Before Fly-By-Wire was introduced, this tendency was addressed by having the stabilator, (Horizonal stabilizer and elevator), surface be differentially controllable, and mechanize it so that the fore and aft position of the control stick controlled the degree to which left/right deflection of the control stick would cause aileron deflection vs. differential stabilator deflection. At low AOA (where control stick was forward), left right motion caused only aileron deflection. At very high AOA (where control stick was aft), left/right deflection would cause mostly differential stabilator. ( I think the first aircraft to use this technique was F-15, where it was implemented using mechanical linkages in the flight controls). Later of course, once Fly By Wire (FBW) was introduced, this was all done by the computer, and it was determined directly from measured AOA, and not just from stick position.

NOTE. The term elevon, is NOT relevant to the horizontal control surface (or surfaces) mounted at the tail of a conventional aircraft design that has a wing AND a horizontal tail. It is only used to describe the horizontal control surfaces at the training edge of the WING on a delta wing aircraft such as the F-102, F-106, Avro Vulcan, Eurofighter Typhoon, Concorde, Saab Draken/Viggen, etc. The horizontal control surface (or surfaces) mounted at the tail of a conventional aircraft design are referred to as Stabilators, as they are completely movable without an embedded elevator Control surface, and therefore combine the functions of both a horizontal stabilizer and an elevator.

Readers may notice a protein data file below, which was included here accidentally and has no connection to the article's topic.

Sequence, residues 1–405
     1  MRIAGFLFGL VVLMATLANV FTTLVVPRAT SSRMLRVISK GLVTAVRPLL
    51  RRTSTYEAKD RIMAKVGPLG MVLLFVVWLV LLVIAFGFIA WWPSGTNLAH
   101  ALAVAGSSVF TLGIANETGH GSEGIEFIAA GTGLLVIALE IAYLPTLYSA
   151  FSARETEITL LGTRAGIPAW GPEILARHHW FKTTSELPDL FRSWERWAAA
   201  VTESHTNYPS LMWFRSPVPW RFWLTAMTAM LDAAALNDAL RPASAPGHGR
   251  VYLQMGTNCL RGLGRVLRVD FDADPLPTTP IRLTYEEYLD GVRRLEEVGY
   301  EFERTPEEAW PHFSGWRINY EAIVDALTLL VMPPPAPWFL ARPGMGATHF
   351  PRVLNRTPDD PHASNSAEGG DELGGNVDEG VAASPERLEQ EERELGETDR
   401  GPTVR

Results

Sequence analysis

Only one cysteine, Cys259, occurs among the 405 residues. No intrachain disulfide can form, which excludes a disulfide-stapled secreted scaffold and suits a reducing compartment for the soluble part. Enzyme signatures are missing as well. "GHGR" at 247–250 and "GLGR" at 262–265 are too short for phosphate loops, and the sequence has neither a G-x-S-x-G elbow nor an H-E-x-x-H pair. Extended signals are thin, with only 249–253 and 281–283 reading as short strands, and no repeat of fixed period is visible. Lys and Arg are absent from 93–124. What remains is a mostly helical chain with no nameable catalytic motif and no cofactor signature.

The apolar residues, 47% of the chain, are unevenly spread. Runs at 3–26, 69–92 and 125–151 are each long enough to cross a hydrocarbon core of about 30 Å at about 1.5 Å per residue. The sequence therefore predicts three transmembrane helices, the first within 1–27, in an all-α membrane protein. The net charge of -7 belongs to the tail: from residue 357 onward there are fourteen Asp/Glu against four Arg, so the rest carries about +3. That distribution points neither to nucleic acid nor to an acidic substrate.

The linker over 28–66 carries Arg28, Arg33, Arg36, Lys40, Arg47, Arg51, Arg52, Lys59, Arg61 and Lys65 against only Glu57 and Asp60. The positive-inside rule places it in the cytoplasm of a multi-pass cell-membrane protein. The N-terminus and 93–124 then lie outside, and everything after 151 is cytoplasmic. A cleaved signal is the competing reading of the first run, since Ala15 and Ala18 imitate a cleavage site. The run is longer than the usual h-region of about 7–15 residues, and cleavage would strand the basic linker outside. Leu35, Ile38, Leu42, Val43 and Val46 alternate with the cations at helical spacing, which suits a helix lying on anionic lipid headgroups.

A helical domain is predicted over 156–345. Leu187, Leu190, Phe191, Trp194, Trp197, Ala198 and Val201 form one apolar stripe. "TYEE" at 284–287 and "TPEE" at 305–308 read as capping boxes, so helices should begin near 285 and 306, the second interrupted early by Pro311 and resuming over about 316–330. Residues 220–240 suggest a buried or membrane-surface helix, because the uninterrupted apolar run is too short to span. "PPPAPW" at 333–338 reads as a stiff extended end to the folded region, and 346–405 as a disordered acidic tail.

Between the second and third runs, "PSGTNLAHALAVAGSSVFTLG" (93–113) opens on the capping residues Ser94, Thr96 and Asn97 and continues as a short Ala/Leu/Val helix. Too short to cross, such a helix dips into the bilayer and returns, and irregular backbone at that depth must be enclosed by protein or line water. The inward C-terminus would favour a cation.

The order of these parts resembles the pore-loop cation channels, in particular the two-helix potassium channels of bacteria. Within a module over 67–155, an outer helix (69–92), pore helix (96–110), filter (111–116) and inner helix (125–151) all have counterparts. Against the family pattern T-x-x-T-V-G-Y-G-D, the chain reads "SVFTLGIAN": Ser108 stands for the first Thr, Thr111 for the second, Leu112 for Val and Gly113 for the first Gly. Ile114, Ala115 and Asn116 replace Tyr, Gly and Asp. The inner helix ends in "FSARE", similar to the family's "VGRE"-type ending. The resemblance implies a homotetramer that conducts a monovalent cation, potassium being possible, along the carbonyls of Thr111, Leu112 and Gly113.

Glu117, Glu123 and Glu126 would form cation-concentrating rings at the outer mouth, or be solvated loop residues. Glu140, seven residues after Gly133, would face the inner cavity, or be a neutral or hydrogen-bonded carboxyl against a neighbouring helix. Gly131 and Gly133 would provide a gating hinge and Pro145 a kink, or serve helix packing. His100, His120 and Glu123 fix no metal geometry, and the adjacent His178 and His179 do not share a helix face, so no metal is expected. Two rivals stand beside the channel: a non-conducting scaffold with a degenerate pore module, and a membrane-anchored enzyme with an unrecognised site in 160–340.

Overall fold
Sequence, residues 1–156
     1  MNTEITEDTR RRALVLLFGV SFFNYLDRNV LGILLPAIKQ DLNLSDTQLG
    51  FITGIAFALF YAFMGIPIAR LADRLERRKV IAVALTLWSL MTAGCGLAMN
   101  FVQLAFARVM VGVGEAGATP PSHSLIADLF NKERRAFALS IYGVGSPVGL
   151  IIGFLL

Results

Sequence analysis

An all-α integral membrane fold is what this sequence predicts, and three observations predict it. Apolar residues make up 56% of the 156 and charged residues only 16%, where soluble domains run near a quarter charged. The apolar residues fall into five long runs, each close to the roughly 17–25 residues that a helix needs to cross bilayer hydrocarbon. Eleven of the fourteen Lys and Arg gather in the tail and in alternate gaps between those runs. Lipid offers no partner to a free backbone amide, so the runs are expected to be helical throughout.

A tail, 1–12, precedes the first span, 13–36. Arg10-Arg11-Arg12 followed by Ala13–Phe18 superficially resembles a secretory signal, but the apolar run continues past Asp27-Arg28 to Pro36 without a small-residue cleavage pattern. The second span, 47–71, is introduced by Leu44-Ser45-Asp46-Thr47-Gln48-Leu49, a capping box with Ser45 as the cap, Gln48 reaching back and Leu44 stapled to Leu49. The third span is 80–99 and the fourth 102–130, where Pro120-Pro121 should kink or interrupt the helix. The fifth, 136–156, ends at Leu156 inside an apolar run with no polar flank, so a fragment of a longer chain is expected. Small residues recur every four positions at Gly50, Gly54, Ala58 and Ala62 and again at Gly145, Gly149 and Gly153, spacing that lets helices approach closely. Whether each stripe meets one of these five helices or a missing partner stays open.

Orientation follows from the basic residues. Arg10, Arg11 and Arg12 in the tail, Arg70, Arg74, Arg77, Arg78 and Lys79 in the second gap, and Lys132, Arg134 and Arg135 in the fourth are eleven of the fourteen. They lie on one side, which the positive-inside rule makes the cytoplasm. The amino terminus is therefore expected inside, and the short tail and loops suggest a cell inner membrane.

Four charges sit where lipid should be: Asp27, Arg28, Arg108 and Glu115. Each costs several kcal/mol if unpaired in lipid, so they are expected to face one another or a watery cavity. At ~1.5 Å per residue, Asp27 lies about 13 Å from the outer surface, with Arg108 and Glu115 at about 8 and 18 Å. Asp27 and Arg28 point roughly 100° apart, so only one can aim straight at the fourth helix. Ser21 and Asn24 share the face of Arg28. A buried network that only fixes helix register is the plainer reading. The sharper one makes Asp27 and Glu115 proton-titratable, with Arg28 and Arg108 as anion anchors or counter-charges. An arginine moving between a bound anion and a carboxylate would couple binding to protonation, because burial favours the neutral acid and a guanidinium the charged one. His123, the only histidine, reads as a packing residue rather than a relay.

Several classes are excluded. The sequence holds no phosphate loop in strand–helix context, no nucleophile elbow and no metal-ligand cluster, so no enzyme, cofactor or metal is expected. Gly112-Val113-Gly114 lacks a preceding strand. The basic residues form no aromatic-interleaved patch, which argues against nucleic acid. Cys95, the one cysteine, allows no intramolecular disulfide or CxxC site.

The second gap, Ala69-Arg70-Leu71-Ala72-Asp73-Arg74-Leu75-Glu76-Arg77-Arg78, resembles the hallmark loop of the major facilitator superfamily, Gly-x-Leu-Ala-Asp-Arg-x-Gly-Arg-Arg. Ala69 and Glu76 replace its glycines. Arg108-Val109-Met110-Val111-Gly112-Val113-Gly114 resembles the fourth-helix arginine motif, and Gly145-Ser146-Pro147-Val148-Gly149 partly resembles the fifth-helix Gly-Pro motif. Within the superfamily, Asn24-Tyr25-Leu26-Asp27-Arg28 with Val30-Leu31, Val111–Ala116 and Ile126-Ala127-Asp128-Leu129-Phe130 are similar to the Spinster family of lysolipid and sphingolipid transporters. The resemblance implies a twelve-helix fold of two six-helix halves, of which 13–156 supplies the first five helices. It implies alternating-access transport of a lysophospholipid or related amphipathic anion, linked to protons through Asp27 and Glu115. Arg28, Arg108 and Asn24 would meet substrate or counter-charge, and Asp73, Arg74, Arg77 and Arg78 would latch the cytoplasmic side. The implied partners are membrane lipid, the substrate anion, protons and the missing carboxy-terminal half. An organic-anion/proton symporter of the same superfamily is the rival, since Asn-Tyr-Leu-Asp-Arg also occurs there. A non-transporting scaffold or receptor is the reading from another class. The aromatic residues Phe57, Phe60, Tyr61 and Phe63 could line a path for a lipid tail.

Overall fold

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F-14 does this. It's referred to as a "rolling tail."

In the case of the F-14 this was a solution to dynamics produced by variable wing sweep:

The tail control surfaces on F-14s are known as "rolling tails", in that the aircraft does not have ailerons on the wings to control roll. Roll control is instead provided at low speeds by wing-mounted spoilers and at high speeds by differential horizontal stabilizer deflection.

Here's a frame from the first Top Gun movie showing a real F-14 beginning a hard roll to the right. The differential deflection of the horizontal stabilizers easy to see: F-14 rolling right

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Yep! Not all of them do, but a good many of them. Off the top of my head I can think of the F-16, F/A-18, F-22, and F-35. They're referred to as elevons.

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    $\begingroup$ No they're not. The term Elevon only applies to the horizontal control surfaces at the training edge of the WING on a delta wing aircraft such as the F-102, F-106, Avro Vulcan, Eurofighter Typhoon, Concorde, Saab Draken/Viggen, etc. The horizontal control surfaces mounted at the tail of a conventional aircraft design that has a wing AND a horizontal tail are referred to as Stabilators. $\endgroup$ Commented Sep 28, 2020 at 16:13
  • $\begingroup$ From en.wikipedia.org/wiki/…. "An elevon that is not part of the main wing, but instead is a separate tail surface, is a stabilator (but stabilators are also used for pitch control only, with no roll function, as on the Piper Cherokee series of aircraft). The word "elevon" is a portmanteau of elevator and aileron." $\endgroup$ Commented Sep 28, 2020 at 16:23